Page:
6. Remove the cookie dough from the oven and cool 15 minutes. On a cutting board, use a serrated bread knife to diagonally cut the cookies into 1/2-inches slices. Lay the cookies cut side down on baking sheets and return to the oven for 20 to 30 minutes, turning the baking sheet midway during baking, until the cookies feel mostly firm.
7. Once baked, cool the cookies completely then store in an airtight container for up to two weeks. If you wish, the cookies can be half-dipped in melted chocolate, then cooled until the chocolate hardens. But it isn't necessary, as the chocolatey flavour really shines.  And with a black cup of coffee, it makes life worth living. Not that I am dramatic about food or anything.

One of my tin o'treats.  Oddly, I have the occasional sweet tooth, but these days it is way down.  I feel more like the salty stuff, which isn't as prevalent during Christmas.  Still, I will never turn down a hot glass of slightly sweetened glühwein.

"Instead of being a time of unusual behavior, Christmas is perhaps the only time in the year when people can obey their natural impulses and express their true sentiments without feeling self-conscious and, perhaps, foolish. Christmas, in short, is about the only chance a man has to be himself." ~Francis C. Farley


Oh the weather outside

Is frightful.

But the incense is so delightful.

And if you have no place you want to go (but your new meditation pillow)

Let it snow! Let it snow! Let it snow!

So as late as yesterday the forecast called for rain.  The Swiss have no idea when a snowstorm is going to hit, and as such, I wore my ballet flats and brought my umbrella, feeling prepared.  My poor toes, is all I can say.  Plus, I have had the new lesson of realizing that the times that you enjoy your cute apartment on a 45 degree incline are not on snowy icy days in a country where there will never be salt on the sidewalk.  Maybe I should bring my own package of salt, and sprinkle it in front of me as I walk.  Otherwise, I think I could safely toboggan to work, perhaps using my own butt as the tobaggan.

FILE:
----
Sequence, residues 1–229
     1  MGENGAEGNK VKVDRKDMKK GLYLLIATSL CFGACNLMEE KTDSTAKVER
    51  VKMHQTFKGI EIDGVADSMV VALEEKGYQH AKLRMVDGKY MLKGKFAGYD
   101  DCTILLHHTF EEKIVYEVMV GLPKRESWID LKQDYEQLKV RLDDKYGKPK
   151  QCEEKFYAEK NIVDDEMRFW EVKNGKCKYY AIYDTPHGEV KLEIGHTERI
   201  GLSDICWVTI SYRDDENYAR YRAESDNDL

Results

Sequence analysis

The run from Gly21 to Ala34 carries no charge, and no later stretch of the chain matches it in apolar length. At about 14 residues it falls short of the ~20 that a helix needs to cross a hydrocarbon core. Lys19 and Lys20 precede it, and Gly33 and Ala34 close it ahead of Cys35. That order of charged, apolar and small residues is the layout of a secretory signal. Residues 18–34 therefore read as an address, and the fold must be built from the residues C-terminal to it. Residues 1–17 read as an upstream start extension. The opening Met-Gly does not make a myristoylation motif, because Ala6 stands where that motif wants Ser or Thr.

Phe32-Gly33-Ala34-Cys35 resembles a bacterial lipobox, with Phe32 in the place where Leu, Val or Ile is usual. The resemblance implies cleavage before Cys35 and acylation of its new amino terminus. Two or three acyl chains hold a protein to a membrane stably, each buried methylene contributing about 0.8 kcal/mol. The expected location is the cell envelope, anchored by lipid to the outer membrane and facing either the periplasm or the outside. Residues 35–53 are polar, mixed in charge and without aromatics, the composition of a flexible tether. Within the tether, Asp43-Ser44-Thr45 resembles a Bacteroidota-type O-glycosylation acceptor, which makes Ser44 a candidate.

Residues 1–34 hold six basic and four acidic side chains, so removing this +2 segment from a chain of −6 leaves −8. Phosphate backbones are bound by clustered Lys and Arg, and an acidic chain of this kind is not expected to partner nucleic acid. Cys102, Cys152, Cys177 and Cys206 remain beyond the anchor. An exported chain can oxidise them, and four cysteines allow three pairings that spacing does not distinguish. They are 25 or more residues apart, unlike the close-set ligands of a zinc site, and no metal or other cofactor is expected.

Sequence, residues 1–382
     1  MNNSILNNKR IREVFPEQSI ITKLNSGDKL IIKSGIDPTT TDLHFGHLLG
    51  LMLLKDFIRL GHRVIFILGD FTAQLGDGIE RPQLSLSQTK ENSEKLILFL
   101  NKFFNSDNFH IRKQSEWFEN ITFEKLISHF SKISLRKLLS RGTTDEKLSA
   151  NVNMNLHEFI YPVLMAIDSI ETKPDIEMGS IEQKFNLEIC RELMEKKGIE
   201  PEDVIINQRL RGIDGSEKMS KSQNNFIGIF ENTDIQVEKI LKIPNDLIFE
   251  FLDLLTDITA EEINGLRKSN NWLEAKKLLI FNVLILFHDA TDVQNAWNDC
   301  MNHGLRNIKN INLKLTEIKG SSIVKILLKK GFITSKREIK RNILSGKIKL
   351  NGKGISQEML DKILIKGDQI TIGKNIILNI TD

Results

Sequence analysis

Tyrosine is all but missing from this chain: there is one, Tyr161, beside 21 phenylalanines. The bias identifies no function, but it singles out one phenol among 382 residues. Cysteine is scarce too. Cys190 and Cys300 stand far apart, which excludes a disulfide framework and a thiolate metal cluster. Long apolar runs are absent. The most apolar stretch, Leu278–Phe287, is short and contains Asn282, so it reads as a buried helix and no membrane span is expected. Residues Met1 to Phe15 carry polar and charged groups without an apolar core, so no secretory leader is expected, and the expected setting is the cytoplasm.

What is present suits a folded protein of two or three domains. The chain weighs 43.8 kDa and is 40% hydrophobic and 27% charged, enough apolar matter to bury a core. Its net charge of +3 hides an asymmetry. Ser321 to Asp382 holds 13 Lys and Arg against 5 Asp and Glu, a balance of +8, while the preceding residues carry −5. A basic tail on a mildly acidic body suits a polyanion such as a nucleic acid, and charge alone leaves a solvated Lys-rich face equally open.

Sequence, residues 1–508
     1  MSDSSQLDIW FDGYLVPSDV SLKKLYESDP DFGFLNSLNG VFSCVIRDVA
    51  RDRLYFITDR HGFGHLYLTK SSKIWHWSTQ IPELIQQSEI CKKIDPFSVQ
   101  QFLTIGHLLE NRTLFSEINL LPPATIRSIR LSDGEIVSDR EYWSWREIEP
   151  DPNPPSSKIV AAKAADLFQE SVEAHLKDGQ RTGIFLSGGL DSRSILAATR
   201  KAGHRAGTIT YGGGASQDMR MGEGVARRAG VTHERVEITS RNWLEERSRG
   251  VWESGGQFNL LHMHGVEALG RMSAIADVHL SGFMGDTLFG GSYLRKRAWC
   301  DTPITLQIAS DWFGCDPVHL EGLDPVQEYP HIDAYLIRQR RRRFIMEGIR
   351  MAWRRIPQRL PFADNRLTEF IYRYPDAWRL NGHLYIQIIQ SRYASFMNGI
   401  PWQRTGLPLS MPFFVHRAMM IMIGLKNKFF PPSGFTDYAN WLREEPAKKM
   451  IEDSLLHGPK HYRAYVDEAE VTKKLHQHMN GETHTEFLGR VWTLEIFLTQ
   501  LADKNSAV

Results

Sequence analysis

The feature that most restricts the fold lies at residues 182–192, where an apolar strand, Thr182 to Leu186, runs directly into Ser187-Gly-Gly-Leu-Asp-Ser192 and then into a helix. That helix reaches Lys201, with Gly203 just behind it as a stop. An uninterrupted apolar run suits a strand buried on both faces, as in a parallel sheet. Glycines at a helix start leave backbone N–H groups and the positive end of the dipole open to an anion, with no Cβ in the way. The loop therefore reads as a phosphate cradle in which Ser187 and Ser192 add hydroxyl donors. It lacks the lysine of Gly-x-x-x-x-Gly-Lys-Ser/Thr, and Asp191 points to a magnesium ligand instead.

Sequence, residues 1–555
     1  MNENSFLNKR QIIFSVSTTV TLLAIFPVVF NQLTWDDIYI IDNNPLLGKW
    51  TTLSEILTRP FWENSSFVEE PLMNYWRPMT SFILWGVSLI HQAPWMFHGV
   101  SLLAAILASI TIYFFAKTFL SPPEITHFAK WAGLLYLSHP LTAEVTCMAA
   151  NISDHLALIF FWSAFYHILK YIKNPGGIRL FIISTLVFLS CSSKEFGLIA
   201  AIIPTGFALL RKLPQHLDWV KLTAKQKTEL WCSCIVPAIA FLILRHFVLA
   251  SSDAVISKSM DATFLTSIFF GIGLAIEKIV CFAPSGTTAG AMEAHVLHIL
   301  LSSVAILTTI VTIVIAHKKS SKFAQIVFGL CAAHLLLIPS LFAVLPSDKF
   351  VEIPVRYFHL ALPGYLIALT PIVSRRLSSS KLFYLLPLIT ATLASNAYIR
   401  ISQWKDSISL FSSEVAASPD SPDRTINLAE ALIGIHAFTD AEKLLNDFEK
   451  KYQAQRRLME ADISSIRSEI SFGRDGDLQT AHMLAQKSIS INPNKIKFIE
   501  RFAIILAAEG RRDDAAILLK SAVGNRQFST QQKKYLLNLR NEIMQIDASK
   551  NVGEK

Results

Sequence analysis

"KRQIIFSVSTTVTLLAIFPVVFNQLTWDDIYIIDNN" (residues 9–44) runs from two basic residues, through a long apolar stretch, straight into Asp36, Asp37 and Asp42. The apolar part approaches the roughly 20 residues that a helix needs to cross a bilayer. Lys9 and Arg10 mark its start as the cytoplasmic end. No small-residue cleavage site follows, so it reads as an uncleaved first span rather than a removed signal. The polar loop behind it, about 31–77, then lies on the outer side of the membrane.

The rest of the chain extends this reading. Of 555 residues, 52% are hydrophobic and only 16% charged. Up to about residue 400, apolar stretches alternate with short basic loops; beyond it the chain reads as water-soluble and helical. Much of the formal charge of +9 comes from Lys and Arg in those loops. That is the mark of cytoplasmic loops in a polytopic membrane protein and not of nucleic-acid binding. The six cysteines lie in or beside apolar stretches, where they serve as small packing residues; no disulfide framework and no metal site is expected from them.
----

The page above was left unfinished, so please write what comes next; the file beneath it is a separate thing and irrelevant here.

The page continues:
However, it sure is pretty.  It mades me want to be all warm and cocooned.  I learned to wear some more practical boots today and trudged to work.  My forty minutes of walking from train station to bus to the middle of nowhere substantially increased today.

Apparently it is a tropical 4 degrees in Prague so when I go there (I leave Thursday) I will need a bikini or two.  Plus, my yoga lesson plan - wish me luck!


A recipe I will NOT give you

Yes I blog about food, and as such, I am supposed to give you all my trade secrets.  But can't a girl have a secret recipe or two that she saves for the people she loves and dinner guests (and one badly planned party where guests ate the following dish off of paper plates?).  I learned this dish during my cooking class in Italy.  And I won't tell you the exact details, but if I like you well enough, I will make it for you. 

There is no veggie substitute for the following (I tried to make it with soy and my tastebuds went "nooooo")

Organic.  Love that the Swiss don't mess around.  There is a picture of the animal on the package as in, stop living in denial, this is how it goes.

Mixed with what is called "the trinity" of Italian cooking.  Chop chop.

I will tell you one secret.  You have to mix it with other things and cook it down BEFORE you add the tomatoes.  Because bolognese is a meat sauce with tomatoes, not a tomato sauce with meat.

So here is part of the magic occuring:

Meaty steam, how I love thee.

Then add the tomatoes and simmer and bubble and turn your stove and countertops a delicious shade of red:

Another secret (wow, I am too nice to you guys.  Must be this Christmas spirit) is that you leave it.  Leave it for three hours, four hours...test your patience, smell up your apartment and your taste buds will be the better for it.

I served it atop noodles and spirilized zucchini for bulk.  It was too yummy to explain.  And of course, a glass of red wine on the side, and a huge smile on my face.

Beautiful stuff.  Sideways beautiful stuff.

"Let's be naughty and save Santa a trip."


A night off

Sometimes my life is so horribly organized...so Swiss...that I must rebel from it and have a night off from living in a perfectly clean, healthy existence.  So last night I left my dishes in the sink and ate chocolate for dinner.  And one would think I would feel badly today because of it.  Wrong...I feel wonderful.

Thursday is apparently the light up the night Luzern.  And tonight is Christmas tree lighting Luzern.  But that is not to say that it has not already started.  Here are a few examples on my walk home:

I love that one, the window panes becoming part of a giant advent calender.  I think it is very inventive.  And some lovely shop windows:

The lovely bready men come out at Christmastime.  It is basically just white bread with chocolate chips or raisins.  And of course, what would Swiss decor be without:

I seriously cannot imagine who would buy one of those things.  Isn't your home supposed to be a little peace and quiet?  And one of my favorite bakeries near my apartment, Hug (tagline: Hug gemacht.  Hausgemacht. means "Made by Hug.  Homemade.")

My parents would love that there is homemade stollen EVERYWHERE - it is their Christmas treat.  I have to say, I love the smell of gluhwein (mulled wine) and gingerbread.  Yum-E.

Here's to the wonderful windows that you will pass by today!